CLCS 4325: Hyphenated Lives: Muslim-Americans in the U.S.
Time: 12:25-1:45 pm
This course is taught in English.
In this course, we will learn the basic tenets and early history of Islam, and study
Islam in America, with attention to the current issues facing Muslim-Americans in
the U.S. Five issues that we will especially focus on in reading and discussing Muslim-Americans'
lives will be issues of identity, religion, race, nationality, and ethnicity. Our
study of this urgent topic will be against the backdrop of misperceptions and stereotyping
of Muslims by the mainstream media, especially since 9/11, as well as the targeting
of Muslims as terrorists.
RELS 3620: Thinking about Religion
Time: 3-4:20 pm
Location: GC 1770
How do varied religious beliefs influence culture, personality, and relationships?
In which ways does religion affect (inter-)national ideologies and geopolitical trends?
How might we trace the origins of certain “secular” concepts to religious precursors?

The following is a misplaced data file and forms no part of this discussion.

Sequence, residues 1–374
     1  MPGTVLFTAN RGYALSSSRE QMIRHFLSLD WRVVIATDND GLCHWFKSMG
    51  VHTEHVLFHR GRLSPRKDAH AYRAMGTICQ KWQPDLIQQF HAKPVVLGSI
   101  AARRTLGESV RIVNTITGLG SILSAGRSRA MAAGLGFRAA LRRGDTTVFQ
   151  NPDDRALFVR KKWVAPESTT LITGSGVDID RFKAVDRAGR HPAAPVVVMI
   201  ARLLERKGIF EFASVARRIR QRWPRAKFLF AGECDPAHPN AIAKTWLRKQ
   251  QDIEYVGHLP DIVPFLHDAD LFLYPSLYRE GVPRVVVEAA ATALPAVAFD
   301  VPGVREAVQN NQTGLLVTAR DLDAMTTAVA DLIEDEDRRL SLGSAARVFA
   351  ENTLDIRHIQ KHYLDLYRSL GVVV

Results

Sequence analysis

This course will explore potential answers to those questions while investigating
the central debates, concepts, issues, and disciplinary approaches to studying religion
as an academic subject.
ARAB 4880: Visions of Islam
Time: 11:50 am- 1:10 pm
Location: BEH S 107 (location on flyer is incorrect)
An introduction to Islam that explores the religious beliefs and customs of the faith
as understood and practiced by Muslims for over 1400 years. The course will consider
modern, historical, and original sources, to understand different approaches to Islam,
including politics, culture, theology, law, and identity. This course will be conducted
SOC 3960-001/ 6965-005: Refugees
Time: 10:45-11:35 am
This course covers current social theories and knowledge about human rights, health
and crimes related to refugees.
FCS 3290: Race, Ethnicity and Family Diversity
Time: 2-5 pm
Location: Alfred Emery Building 320
This course examines how race and ethnicity shape and structure family life in the
United States. Utilizing a multidisciplinary lens, as well as theoretical and empirical
research, students will analyze the diversity among major racial and ethnic groups,
including Latinx, Black, Asian American, Native American, Anglo American and multiracial
families. In addition to examining the respective cultures, heritage, and strategies
for resilience, students will explore the challenges facing families due to marginalization
and the potential of social and public policies for addressing these challenges.
This course fulfills a Diversity Requirement (DV) & the Humanities Exploration Requirement